Singapore
(External Examiner)
———————————————
SEOW HENG FONG, PhD
Professor and Deputy Dean
School of Graduate Studies
Universiti Putra Malaysia

Date: 26 February 2013
This thesis was submitted to the Senate of Universiti Putra Malaysia and has been accepted as fulfilment of the requirement for the degree of Doctor of Philosophy. The members of the Supervisory Committee were as follows:
Sarvinder Kaur Sandhu, PhD
Senior Lecture
Faculty of Human Ecology
Universiti Putra Malaysia
(Chairman)
Jayum Anak Jawan, PhD
Professor  
Faculty of Human Ecology
Universiti Putra Malaysia
(Member)
Zaid B. Ahmad, PhD
Associate professor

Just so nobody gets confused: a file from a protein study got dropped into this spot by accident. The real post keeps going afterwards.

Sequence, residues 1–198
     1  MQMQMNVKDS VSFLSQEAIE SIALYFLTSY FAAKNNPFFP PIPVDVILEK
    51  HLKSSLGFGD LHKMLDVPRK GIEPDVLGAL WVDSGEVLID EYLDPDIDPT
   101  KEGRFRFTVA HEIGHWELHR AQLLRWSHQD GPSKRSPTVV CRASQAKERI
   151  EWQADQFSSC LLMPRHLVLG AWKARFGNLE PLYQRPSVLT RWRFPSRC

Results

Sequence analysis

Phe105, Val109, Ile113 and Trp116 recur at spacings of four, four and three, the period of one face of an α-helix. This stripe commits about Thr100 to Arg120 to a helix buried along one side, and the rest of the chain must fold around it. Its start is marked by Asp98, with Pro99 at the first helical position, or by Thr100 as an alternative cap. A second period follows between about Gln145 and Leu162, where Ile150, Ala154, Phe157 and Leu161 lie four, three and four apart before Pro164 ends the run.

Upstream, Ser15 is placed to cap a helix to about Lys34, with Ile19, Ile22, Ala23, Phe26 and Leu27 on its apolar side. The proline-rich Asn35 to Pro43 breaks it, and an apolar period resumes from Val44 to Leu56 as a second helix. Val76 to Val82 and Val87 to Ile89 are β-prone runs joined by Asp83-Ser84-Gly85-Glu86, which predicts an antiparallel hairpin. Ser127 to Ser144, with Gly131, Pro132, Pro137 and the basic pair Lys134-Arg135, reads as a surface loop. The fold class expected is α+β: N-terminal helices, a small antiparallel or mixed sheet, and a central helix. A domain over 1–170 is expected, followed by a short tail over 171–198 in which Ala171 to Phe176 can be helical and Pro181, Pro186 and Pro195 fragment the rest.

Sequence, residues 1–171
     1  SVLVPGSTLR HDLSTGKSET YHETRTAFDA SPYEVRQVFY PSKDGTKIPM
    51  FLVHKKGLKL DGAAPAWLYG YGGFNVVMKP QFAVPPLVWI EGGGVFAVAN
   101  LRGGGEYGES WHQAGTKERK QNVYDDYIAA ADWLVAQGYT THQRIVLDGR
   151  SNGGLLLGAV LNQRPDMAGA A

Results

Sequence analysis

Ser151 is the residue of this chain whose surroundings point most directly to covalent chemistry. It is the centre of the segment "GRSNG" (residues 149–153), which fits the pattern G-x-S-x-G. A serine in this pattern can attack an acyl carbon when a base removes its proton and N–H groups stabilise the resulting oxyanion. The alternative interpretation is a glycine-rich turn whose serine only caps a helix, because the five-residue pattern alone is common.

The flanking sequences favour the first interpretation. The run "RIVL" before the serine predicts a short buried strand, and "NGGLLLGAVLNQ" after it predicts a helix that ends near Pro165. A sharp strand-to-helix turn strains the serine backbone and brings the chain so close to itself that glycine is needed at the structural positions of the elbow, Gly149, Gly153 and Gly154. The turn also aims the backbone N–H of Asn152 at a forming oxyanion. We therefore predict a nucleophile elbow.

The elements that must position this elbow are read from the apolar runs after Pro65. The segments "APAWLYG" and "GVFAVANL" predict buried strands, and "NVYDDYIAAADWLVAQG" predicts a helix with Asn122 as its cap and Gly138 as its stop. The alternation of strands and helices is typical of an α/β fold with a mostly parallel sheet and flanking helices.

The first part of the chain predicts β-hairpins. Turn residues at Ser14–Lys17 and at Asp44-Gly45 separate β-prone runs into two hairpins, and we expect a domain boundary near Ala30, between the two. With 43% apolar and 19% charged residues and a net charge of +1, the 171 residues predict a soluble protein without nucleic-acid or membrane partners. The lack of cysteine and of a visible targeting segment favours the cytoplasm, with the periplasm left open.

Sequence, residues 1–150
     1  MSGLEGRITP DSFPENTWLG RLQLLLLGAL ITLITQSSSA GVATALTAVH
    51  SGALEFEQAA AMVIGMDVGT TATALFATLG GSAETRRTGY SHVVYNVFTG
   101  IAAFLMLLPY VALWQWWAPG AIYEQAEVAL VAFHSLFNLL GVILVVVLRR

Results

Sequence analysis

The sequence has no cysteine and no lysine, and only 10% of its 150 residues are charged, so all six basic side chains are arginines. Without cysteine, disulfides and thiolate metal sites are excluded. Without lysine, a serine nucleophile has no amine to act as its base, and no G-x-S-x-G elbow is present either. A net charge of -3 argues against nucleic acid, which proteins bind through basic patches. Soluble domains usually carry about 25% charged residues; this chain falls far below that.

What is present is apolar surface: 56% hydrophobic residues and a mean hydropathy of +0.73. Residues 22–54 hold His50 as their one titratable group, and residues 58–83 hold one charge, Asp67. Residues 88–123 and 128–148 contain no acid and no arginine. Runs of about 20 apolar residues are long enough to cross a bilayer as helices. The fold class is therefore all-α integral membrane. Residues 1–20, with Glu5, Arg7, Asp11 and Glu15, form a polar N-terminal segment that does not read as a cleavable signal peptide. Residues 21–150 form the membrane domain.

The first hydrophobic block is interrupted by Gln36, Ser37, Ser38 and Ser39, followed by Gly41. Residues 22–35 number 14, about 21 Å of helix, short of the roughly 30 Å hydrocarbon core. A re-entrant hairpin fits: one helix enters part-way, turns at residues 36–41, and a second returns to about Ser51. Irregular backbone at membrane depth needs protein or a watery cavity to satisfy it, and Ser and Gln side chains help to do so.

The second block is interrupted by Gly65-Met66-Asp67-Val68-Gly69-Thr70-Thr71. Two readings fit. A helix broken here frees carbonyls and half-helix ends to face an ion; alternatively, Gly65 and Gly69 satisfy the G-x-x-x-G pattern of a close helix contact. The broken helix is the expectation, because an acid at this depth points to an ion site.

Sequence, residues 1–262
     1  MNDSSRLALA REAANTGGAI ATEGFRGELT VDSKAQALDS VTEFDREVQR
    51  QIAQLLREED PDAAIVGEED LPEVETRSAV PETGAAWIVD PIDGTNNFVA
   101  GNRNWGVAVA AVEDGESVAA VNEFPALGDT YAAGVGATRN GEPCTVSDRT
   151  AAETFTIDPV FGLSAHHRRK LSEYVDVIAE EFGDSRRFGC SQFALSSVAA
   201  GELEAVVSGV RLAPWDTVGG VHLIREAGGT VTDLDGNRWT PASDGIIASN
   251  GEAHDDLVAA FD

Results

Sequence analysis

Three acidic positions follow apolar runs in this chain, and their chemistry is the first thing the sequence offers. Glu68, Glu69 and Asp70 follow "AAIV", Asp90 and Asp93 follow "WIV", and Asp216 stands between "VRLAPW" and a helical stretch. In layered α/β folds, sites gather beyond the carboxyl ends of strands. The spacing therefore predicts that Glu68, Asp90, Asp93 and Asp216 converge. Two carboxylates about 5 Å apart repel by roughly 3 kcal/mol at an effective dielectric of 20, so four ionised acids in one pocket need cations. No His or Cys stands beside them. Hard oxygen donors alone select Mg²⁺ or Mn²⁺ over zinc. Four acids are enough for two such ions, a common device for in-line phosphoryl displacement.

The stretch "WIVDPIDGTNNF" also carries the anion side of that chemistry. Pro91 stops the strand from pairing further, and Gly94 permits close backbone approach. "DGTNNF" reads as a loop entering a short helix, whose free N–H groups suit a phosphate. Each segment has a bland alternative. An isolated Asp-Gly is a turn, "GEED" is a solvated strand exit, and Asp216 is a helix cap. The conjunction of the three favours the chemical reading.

Faculty of Human Ecology
Universiti Putra Malaysia
(Member)
BUJANG BIN KIM HUAT, PhD
Professor and Dean
School of Graduate Studies
Universiti Putra Malaysia
Date:
DECLARATION
I declare that the thesis is my original work except for quotations and citations which have been duly acknowledged. I also declare that it has not been previously, and is not concurrently, submitted for any other degree at Universiti Putra Malaysia or at any other institution.
___________________________________
SEYED MOHSEN MIRHOSSEINI
Date: 13 December 2012
TABLE OF CONTENT
Page
ABSTRACT iii
ABSTRAK vii
ACKNOWLEDGMENTS x
APPROVAL xi
DECLARATIONxiii
TABLE OF CONTENTxiv
LIST OF ABBREVIATIONSxxi
CHAPTER
1 INTRODUCTION1
1.1 Introduction1
1.2 Background of the Study2
1.2.1 The Importance of the Persian Gulf Geopolitics3
1.2.2 U.S. attempts to build a security system for the Persian Gulf 8 8